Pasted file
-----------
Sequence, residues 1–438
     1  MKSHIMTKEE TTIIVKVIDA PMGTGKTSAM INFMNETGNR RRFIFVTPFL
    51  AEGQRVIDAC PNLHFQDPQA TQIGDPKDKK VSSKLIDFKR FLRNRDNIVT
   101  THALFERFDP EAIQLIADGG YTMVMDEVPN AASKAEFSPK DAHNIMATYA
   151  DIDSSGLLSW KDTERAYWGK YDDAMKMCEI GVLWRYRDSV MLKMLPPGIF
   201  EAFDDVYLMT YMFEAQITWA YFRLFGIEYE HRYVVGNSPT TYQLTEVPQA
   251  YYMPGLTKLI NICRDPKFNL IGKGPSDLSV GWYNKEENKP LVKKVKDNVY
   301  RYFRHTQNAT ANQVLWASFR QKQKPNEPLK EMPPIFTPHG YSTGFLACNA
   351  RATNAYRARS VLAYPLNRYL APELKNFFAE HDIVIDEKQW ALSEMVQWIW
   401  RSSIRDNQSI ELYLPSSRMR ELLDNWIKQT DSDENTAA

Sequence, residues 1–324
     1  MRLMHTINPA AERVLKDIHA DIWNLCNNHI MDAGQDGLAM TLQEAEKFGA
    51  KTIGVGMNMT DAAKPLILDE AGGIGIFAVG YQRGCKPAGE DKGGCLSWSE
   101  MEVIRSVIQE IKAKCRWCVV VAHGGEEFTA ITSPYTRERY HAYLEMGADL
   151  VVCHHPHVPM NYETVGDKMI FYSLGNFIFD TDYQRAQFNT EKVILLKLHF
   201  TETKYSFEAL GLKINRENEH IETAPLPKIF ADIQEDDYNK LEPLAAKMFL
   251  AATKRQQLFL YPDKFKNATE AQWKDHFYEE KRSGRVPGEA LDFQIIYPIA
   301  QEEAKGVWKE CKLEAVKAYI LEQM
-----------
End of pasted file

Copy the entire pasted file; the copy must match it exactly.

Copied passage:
Sequence, residues 1–438
     1  MKSHIMTKEE TTIIVKVIDA PMGTGKTSAM INFMNETGNR RRFIFVTPFL
    51  AEGQRVIDAC PNLHFQDPQA TQIGDPKDKK VSSKLIDFKR FLRNRDNIVT
   101  THALFERFDP EAIQLIADGG YTMVMDEVPN AASKAEFSPK DAHNIMATYA
   151  DIDSSGLLSW KDTERAYWGK YDDAMKMCEI GVLWRYRDSV MLKMLPPGIF
   201  EAFDDVYLMT YMFEAQITWA YFRLFGIEYE HRYVVGNSPT TYQLTEVPQA
   251  YYMPGLTKLI NICRDPKFNL IGKGPSDLSV GWYNKEENKP LVKKVKDNVY
   301  RYFRHTQNAT ANQVLWASFR QKQKPNEPLK EMPPIFTPHG YSTGFLACNA
   351  RATNAYRARS VLAYPLNRYL APELKNFFAE HDIVIDEKQW ALSEMVQWIW
   401  RSSIRDNQSI ELYLPSSRMR ELLDNWIKQT DSDENTAA

Sequence, residues 1–324
     1  MRLMHTINPA AERVLKDIHA DIWNLCNNHI MDAGQDGLAM TLQEAEKFGA
    51  KTIGVGMNMT DAAKPLILDE AGGIGIFAVG YQRGCKPAGE DKGGCLSWSE
   101  MEVIRSVIQE IKAKCRWCVV VAHGGEEFTA ITSPYTRERY HAYLEMGADL
   151  VVCHHPHVPM NYETVGDKMI FYSLGNFIFD TDYQRAQFNT EKVILLKLHF
   201  TETKYSFEAL GLKINRENEH IETAPLPKIF ADIQEDDYNK LEPLAAKMFL
   251  AATKRQQLFL YPDKFKNATE AQWKDHFYEE KRSGRVPGEA LDFQIIYPIA
   301  QEEAKGVWKE CKLEAVKAYI LEQM